Gerstner refers only once to Kendall’s work, and that in a footnote referring to the subject of the atonement.8 (Strangely, Kendall’s name is omitted from the index of Gerstner’s book, perhaps because it does not appear in Gerstner’s text.) So far as the reviewer has noticed, there is no reference at all to Bell or Lane.
But a scholar of Gerstner’s stature cannot possibly be ignorant of the discussion about the nature of faith in “Calvin’s Calvinism’ vis-a-vis “Classical Calvinism.” Perhaps he would have found it awkward to admit that “Classical Calvinism” no longer holds Calvin’s view of faith and assurance, whereas many dispensationalists do! And that includes this reviewer.
Such an admission by Gerstner would indeed be necessary. Even in the last century, the distinction was forthrightly admitted by Robert L. Dabney, a Reformed theologian and scholar. Dabney wrote two articles entitled (in his collected writings) “Theology of the Plymouth Brethren.” There he says this:
The source of this [Plymouth Brethren] error is no doubt that doctrine concerning faith which the first Reformers, as Calvin and Luther, were led to adopt from their opposition to the hateful and tyrannical teachings of Rome… These noble Reformers…flew to the opposite extreme, and (to use the language of theology) asserted that the assurance of hope is of the essence of saving faith. Thus says Calvin in his Commentary on Romans: “My faith is a divine and spiritual belief that God has pardoned and accepted me” [italics in Dabney].9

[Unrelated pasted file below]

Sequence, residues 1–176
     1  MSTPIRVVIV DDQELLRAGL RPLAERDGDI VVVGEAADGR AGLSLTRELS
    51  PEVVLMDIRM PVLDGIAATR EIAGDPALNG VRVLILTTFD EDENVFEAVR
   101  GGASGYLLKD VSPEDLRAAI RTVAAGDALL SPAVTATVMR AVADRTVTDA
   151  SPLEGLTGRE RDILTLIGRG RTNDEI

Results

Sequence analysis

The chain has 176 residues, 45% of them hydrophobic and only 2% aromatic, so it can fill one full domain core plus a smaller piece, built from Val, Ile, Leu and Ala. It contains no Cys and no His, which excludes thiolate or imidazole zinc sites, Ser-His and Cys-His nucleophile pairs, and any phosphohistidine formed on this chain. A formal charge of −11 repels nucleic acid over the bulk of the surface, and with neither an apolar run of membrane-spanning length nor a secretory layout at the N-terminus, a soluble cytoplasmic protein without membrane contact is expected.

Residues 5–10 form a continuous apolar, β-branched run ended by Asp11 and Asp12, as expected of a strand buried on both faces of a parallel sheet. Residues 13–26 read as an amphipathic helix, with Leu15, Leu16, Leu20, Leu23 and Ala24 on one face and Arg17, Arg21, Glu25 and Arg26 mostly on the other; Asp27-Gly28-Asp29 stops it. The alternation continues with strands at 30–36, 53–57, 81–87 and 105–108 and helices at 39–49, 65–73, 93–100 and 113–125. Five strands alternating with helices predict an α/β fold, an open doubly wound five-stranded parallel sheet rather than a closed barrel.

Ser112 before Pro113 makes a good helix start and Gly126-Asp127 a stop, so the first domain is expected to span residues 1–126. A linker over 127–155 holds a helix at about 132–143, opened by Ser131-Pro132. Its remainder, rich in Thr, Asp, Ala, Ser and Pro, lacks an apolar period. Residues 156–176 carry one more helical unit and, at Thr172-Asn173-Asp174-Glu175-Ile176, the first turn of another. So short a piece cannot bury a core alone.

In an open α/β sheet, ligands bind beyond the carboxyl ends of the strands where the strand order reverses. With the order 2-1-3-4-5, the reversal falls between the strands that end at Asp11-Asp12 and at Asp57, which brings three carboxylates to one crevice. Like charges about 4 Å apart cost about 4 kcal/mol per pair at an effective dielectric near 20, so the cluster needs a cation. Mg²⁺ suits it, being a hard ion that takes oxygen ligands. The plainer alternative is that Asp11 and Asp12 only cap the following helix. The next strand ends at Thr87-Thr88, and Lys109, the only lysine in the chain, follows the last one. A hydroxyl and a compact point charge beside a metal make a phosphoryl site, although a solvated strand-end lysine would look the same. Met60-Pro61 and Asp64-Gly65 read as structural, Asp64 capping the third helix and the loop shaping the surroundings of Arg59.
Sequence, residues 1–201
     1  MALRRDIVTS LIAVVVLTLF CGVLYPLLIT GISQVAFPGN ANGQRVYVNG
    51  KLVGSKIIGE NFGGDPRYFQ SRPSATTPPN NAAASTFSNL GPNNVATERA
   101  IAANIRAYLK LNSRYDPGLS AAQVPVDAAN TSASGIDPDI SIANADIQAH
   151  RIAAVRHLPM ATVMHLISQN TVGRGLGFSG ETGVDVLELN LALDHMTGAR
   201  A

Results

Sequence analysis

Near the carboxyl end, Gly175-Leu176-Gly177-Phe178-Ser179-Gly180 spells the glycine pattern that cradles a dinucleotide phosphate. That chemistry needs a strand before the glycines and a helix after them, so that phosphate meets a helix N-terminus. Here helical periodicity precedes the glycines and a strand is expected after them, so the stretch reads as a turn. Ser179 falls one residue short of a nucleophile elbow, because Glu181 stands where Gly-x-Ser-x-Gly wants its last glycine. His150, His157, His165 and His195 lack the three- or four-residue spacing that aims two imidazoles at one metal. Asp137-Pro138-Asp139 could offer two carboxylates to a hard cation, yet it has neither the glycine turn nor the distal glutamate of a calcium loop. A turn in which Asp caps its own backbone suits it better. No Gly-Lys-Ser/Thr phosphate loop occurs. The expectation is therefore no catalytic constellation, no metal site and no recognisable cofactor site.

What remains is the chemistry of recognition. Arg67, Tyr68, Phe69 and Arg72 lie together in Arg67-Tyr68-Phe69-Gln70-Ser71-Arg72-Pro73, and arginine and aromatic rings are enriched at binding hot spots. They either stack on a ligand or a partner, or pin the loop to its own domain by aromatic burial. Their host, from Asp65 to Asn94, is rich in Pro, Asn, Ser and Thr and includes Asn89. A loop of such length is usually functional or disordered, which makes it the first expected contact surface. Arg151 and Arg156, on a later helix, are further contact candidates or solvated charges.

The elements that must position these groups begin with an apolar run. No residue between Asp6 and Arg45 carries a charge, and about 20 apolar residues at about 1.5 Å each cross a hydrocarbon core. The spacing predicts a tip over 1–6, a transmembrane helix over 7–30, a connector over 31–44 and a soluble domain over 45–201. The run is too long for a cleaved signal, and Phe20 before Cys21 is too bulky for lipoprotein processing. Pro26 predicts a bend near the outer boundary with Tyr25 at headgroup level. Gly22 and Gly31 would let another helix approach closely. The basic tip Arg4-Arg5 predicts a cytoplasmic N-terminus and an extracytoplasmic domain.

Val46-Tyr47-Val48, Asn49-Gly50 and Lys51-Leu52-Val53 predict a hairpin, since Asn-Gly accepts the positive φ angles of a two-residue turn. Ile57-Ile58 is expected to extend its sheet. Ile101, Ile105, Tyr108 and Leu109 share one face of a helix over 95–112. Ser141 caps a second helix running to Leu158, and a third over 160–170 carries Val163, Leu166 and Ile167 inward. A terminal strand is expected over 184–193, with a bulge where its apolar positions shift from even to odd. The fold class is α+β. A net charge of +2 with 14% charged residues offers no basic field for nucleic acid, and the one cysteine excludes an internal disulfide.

Later he adds these telling comments:
It is very obvious…that these views of faith and assurance…ground themselves in the faulty definitions of saving faith which we received from the first Reformers. They, as we saw, defined saving faith as a belief that “Christ has saved me,” making the assurance of hope of its necessary essence. Now, the later Reformers, and those learned, holy and modest teachers of the Reformed Churches, whose influence the Plymouth Brethren regard as so unhealthy for true religion, have subjected this view to searching examination, and rejected it (as does the Westminster Assembly) on scriptural grounds [italics in Dabney].10
Here, then, is a facet of the discussion which Gerstner has completely suppressed. According to him, Dispensationalism has its roots in the Plymouth Brethren movement.11 The Gospel proclaimed by both, he charges, is antinomian in character.12 But we are never told by this writer that the dispensational/Plymouth Brethren view of saving faith has its roots in Reformation theology!